Ford’s sustainability efforts in recent years have led it to team up with DTE Energy to move to carbon-free energy at its production facilities, as well as use solar power at a variety of manufacturing sites such as the Ford Otosan Assembly plant in Turkey, the Valencia Assembly plant in Spain, the Cologne Electric Vehicle Center in Germany, and the Silverton Assembly plant in South Africa. Now, those efforts continue at Auto Alliance Thailand (AAT) – which builds the Ford Ranger and Ford Everest, too.
There, Ford has signed a power purchase agreement with WHA Utilities and Power (WHAUP) that will result in the installation of an 8-MW floating solar farm on a raw water reservoir located near AAT. The floating solar system consists of double-glass modules that are mounted on floating HDPE (High-Density Polyethylene) type plastic platforms, which are completely safe for the underwater ecosystem and environment. WHAUP expects to start generating commercial electricity by September 2024, and this system will help reduce greenhouse gas emissions by over 5,400 tons per year.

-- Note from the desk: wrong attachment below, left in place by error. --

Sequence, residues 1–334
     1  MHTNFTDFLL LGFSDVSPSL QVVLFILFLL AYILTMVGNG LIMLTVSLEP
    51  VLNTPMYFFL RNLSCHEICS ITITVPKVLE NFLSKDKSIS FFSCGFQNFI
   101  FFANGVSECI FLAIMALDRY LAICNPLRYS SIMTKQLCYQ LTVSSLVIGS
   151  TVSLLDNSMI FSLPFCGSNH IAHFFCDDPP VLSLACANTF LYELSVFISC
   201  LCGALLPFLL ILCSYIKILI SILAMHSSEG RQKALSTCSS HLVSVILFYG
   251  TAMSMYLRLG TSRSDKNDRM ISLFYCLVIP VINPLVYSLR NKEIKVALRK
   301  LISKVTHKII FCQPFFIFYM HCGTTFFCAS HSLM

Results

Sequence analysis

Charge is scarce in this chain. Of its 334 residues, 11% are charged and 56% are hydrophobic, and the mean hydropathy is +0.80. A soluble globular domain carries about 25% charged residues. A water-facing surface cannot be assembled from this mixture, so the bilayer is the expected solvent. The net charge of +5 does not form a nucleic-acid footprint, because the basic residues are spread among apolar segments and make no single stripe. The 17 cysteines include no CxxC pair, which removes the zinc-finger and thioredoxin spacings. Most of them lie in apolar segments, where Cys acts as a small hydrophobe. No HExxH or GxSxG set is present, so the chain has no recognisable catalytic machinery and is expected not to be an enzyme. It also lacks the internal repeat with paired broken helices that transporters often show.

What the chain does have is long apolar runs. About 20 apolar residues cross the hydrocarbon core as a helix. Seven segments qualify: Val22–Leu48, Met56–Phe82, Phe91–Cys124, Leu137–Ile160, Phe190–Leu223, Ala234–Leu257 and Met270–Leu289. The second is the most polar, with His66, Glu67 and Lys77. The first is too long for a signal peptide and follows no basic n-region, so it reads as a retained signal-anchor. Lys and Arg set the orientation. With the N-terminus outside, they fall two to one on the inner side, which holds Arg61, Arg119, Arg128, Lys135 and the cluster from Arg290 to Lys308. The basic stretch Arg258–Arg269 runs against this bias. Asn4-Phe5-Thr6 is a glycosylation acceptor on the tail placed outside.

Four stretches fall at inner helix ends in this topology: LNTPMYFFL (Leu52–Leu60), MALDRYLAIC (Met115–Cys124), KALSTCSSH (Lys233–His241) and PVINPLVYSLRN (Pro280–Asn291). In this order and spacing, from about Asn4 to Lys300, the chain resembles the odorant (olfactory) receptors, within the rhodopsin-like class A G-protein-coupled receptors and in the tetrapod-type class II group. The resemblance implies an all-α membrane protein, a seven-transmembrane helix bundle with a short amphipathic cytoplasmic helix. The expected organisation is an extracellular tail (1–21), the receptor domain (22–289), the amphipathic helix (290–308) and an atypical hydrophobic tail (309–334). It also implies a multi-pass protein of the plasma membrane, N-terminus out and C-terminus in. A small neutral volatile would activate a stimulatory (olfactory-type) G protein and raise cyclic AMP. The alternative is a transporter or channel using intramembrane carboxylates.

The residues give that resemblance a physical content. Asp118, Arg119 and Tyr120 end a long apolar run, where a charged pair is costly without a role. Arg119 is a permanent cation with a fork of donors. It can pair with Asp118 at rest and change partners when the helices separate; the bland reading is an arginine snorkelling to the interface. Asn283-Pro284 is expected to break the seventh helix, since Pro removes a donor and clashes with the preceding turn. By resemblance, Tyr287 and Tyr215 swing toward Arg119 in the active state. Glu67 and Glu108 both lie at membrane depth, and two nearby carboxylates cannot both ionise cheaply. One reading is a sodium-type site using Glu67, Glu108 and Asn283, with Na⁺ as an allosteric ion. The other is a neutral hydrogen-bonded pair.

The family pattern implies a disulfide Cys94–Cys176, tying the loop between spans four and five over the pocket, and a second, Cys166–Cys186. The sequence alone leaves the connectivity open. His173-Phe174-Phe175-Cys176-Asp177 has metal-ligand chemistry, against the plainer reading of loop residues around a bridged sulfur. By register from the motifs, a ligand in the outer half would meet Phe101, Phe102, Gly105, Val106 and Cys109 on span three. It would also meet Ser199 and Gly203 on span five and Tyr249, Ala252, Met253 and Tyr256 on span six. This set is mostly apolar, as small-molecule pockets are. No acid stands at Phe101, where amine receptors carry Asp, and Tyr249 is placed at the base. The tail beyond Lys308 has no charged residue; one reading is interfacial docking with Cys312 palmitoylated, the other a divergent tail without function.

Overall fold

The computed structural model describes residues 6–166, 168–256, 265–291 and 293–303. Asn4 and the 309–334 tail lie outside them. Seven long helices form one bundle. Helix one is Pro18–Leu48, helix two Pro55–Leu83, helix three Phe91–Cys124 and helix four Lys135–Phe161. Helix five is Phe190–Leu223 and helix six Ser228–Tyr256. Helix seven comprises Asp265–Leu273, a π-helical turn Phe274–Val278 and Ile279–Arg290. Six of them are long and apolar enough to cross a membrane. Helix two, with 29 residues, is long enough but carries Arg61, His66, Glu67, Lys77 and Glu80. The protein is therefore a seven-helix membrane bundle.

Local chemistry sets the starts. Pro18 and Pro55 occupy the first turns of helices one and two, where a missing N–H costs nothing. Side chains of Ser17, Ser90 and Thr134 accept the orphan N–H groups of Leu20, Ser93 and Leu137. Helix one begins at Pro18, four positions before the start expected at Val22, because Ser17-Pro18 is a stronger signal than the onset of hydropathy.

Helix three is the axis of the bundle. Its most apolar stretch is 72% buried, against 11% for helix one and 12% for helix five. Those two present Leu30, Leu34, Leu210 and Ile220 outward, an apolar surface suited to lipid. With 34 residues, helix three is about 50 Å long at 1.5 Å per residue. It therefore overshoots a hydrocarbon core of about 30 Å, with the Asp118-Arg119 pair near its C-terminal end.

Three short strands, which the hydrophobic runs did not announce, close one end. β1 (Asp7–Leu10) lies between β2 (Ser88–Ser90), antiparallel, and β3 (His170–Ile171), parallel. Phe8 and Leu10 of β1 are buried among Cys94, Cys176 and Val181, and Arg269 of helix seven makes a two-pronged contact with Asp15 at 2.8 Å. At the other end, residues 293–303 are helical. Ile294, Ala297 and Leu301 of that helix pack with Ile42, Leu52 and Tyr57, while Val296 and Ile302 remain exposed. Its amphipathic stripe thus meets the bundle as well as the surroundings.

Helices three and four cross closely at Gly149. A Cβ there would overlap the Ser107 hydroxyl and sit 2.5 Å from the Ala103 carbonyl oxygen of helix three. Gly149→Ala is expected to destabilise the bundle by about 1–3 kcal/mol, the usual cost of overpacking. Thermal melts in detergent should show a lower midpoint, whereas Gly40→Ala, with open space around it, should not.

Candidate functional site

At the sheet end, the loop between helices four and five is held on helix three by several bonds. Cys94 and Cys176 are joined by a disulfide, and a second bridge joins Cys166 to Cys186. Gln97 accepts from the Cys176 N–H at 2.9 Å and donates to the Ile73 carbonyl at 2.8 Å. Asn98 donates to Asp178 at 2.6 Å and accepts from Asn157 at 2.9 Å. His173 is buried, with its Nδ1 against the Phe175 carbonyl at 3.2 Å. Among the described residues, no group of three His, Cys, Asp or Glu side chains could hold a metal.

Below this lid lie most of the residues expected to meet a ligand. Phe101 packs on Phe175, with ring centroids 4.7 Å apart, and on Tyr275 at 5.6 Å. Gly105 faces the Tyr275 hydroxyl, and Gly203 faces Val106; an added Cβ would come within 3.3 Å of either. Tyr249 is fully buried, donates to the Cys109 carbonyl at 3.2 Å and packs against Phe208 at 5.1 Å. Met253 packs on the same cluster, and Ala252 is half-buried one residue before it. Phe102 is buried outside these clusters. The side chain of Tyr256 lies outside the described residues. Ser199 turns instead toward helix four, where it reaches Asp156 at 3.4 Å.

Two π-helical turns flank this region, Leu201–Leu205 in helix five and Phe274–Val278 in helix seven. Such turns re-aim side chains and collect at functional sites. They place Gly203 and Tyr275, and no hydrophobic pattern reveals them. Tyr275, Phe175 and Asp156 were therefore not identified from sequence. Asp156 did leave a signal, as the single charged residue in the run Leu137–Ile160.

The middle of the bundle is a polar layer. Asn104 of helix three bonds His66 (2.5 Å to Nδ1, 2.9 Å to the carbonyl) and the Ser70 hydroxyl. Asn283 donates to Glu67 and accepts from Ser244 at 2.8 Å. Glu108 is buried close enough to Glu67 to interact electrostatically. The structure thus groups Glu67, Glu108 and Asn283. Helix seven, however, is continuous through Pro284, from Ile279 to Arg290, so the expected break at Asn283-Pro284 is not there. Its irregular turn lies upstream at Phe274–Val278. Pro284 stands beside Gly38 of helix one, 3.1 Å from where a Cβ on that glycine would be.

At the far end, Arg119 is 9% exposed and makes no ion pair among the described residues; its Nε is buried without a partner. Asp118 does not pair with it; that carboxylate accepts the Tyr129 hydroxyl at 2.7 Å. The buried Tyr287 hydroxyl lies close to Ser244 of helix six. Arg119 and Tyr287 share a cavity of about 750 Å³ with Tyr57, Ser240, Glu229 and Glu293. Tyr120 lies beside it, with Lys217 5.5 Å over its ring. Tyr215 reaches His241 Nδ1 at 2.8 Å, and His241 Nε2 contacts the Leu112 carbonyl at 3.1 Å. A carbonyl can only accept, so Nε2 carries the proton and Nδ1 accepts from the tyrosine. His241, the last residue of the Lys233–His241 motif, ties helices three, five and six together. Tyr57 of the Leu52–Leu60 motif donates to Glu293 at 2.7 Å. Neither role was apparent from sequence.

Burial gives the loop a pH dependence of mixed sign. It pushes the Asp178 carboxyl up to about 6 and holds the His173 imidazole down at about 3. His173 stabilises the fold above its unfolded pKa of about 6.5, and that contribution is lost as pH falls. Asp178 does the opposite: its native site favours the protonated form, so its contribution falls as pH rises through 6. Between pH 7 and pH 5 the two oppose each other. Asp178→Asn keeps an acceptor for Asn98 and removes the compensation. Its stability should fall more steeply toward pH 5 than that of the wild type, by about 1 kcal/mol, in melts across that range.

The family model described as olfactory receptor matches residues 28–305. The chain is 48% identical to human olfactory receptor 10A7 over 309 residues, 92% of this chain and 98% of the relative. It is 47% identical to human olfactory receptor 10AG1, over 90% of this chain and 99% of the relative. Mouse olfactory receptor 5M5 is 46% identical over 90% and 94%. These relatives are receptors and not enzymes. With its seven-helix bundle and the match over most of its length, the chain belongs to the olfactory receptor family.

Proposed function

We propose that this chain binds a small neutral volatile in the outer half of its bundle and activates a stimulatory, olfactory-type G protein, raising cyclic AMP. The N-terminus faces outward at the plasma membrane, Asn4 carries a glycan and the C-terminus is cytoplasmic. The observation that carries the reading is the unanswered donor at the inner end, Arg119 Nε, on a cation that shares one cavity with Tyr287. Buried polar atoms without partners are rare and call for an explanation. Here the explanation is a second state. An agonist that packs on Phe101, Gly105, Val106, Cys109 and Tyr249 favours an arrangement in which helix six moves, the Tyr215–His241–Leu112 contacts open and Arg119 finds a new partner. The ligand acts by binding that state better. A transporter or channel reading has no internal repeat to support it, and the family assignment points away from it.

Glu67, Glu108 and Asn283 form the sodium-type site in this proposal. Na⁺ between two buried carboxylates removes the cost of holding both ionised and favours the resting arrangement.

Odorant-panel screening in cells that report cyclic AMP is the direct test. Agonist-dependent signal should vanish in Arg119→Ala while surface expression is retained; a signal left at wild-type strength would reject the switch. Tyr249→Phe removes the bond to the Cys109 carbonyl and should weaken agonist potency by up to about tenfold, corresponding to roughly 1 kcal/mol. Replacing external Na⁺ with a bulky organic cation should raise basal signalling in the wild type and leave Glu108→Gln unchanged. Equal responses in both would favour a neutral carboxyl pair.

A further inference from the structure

The installation of this floating solar system is a bit of a milestone for AAT’s commitment to sustainability and its goal to reduce its carbon footprint. The system will provide clean energy to power AAT’s operations and reduce the environmental impact of its activities – an important step towards the plant’s journey to become a 100 percent renewable energy operation that aims to produce and use nothing but clean energy in lieu of fossil fuels by 2035.
Back in 2022, AAT was treated to a 5-MW Solar Rooftop, which will reportedly offset 92,568 tons of CO2 emissions over the next 25 years, and earlier this year, Ford also installed an additional 1-MW panel at AAT, which helps offset another 887 tons of CO2 emissions annually. With this new floating solar system, the site’s total solar power capacity will increase to 14 MW, which figures to make a significant contribution toward achieving the automaker’s sustainability goals there.